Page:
To “have” the average man on “a little bit of string” is quite easy, and some of the simplest “gags” I have found the most effective. For instance, you ask a man if he is good at mental arithmetic. The probability is he says that he is. You then ask him two or three exceedingly easy questions, such as, for example, what is twice seven, how many times does six go into eighteen, and so on. Then you say, “How many penny buns make a dozen,” followed, when he has259 answered it correctly, by the catch question, “How many half-penny ones?” He is practically certain to answer on the spur of the moment, “Twenty-four.”
Here is another equally simple catch. You take a piece of white paper, tell a man to place his forefinger on it, and offer to bet him you can draw a ring round it with a piece of lead pencil that he can’t lift his finger out of. You then draw a small ring on the paper round the tip of the finger, and ask him to lift his finger out of it. Of course he does so quite easily. You repeat this once or twice; then you draw your ring round the forefinger itself.
Or you get a man to put an easily fitting ring on his little finger, then join the tip of your little finger to the tip of his, and ask him if he thinks it possible for you to remove the ring from his finger without moving yours. He will almost certainly pronounce the feat an impossible one, when all you have to do is to slip the ring off his little finger and on to yours, and the trick is done. The ring is no longer on his finger. It is on yours. And the connection between the two fingers, yours and his, has not been severed for an instant. Then you say: “And now do you think it is possible for me to take the ring off both our fingers without severing the connection.” He is sure to say, “No.” Whereupon you just lift the ring so that it does not touch either, and the trick is done.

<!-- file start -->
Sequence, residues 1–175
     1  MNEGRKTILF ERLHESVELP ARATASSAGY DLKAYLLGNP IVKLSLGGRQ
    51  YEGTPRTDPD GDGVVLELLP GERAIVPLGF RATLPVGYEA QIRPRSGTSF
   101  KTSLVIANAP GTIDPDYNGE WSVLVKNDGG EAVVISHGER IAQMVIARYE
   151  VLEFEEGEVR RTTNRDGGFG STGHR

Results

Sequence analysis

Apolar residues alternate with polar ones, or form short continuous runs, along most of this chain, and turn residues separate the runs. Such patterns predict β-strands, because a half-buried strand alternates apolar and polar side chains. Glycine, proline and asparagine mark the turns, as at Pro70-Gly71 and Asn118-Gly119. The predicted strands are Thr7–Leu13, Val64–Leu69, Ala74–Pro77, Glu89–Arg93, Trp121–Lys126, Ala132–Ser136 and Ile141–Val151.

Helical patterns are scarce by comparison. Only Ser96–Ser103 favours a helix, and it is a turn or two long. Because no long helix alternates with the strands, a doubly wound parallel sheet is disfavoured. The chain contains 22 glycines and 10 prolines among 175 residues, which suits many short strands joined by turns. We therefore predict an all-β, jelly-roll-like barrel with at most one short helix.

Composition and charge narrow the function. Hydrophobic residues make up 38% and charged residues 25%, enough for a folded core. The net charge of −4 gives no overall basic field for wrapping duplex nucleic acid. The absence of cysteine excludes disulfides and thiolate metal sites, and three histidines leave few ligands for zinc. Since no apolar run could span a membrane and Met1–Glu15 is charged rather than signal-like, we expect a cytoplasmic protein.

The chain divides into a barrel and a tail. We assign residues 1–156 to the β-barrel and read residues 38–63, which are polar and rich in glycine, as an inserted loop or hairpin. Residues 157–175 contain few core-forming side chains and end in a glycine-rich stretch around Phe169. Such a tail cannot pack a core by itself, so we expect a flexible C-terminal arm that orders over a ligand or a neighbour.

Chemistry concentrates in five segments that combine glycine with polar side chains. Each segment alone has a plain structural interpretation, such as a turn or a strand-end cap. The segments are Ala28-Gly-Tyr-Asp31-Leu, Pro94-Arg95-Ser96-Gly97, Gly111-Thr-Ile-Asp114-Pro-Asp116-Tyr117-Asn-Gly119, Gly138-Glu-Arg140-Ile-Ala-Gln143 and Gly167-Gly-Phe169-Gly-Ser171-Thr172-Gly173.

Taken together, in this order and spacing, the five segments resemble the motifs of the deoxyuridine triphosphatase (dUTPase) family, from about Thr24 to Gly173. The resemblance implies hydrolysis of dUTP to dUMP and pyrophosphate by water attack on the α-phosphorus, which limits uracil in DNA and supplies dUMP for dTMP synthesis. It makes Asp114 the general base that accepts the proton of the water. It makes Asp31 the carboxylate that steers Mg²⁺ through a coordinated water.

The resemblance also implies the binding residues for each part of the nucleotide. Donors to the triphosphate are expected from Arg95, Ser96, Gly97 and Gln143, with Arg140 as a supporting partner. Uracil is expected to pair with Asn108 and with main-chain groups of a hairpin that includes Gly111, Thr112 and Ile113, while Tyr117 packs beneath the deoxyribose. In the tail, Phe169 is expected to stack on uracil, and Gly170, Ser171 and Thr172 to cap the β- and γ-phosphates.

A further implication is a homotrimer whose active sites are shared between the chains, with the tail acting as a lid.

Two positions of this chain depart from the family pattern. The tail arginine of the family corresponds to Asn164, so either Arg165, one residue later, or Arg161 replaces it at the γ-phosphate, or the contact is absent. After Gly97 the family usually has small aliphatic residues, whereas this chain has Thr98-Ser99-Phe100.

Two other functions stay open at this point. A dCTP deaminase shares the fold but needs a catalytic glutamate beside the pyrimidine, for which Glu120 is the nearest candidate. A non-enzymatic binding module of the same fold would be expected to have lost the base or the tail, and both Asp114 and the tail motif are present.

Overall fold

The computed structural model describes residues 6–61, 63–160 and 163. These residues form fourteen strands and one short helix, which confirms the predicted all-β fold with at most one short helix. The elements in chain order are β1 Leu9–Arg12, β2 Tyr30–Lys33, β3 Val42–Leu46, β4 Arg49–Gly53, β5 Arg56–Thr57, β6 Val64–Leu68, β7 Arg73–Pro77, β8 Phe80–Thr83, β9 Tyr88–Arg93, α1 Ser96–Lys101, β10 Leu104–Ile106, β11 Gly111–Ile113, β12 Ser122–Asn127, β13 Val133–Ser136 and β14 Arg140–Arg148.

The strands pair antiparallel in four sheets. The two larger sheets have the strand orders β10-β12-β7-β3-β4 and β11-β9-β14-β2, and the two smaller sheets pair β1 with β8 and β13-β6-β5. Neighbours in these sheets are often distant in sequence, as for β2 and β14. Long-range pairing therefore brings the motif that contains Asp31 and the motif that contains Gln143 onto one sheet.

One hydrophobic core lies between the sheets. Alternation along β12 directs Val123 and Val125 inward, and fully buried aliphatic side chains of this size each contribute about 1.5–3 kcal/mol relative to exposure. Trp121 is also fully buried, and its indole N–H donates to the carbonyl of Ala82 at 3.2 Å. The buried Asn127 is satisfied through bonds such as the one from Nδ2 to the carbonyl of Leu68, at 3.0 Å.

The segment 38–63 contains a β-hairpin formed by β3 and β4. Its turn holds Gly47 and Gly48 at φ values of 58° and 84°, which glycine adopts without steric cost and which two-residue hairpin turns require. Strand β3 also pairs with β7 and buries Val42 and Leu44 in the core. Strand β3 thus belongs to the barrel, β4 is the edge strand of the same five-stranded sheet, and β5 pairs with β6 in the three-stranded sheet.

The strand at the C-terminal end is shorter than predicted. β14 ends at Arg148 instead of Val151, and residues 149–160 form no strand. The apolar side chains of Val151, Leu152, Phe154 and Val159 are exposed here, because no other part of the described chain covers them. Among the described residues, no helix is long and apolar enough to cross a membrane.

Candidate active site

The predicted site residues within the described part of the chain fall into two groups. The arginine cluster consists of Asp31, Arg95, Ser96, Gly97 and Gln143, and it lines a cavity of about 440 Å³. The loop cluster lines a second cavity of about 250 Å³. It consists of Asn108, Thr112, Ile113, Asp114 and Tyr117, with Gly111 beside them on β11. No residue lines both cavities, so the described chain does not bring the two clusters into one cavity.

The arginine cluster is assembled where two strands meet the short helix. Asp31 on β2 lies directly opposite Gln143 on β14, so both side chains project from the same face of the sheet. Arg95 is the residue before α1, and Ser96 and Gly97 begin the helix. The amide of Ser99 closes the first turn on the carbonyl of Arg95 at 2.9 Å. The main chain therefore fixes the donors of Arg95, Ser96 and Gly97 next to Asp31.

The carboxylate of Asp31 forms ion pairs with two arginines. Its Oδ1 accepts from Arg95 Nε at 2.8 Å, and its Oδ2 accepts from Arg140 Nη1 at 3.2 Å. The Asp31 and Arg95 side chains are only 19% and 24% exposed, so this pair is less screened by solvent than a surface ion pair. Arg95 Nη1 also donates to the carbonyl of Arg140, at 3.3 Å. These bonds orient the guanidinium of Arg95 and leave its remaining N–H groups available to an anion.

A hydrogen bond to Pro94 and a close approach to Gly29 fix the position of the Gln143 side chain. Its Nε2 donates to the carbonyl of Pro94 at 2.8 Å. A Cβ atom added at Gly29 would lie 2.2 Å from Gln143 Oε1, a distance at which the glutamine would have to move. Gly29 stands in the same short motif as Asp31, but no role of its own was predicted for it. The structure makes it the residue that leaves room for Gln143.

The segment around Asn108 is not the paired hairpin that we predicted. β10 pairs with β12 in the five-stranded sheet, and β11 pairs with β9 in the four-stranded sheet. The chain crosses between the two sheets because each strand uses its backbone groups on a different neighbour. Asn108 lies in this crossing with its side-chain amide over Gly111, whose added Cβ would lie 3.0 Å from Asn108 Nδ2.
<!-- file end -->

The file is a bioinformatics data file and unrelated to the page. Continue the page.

These little “spoofs” sound very simple after they are explained, but all the same I have “had” some of the smartest men for “drinks round” with them. Once, too, in Denver, I recollect a professional gambler rather got on my nerves by bragging about the amount of money he carried about with him.
260 “Look here,” I said suddenly, withdrawing my closed fist from my trousers pocket, “I’ll bet you five dollars I’ve got more money in my hand than you have.”
“Done!” he cried, and diving his hand into his pocket he withdrew it stuffed full of gold pieces.
Mine held a matter of a few cents. “I’ve won,” he cried, exhibiting his fistful of wealth.
“Not at all,” I retorted, “I said in my hand. That money is not in my hand; it’s in yours. You’ve lost. Pay up.”
Which he did, with the best grace he could.
A few days later he met me, and told me that he had won over five hundred dollars from fellow gamblers by means of the trick. And these men were supposed to be among the “widest” on the American continent.
Here is a trick game with matches which sounds as if nothing could be fairer, and which yet is, in reality, an arrant swindle. The man who wants to practise it starts off by telling his opponent (and dupe) that it is a Chinese gambling game. This tends to throw him off his guard.
He then takes a number of matches and places them under his hat. Next he tells the other fellow to take any number of matches from the box, place them on the table, and lift the hat. “If,” he says, “you have put down an even number of matches, and the sum total of both heaps of matches, yours and mine, is even, then you win. If you have put down an odd number, and the sum total of both heaps of matches, yours and mine, is odd, then also you win. Otherwise you lose.”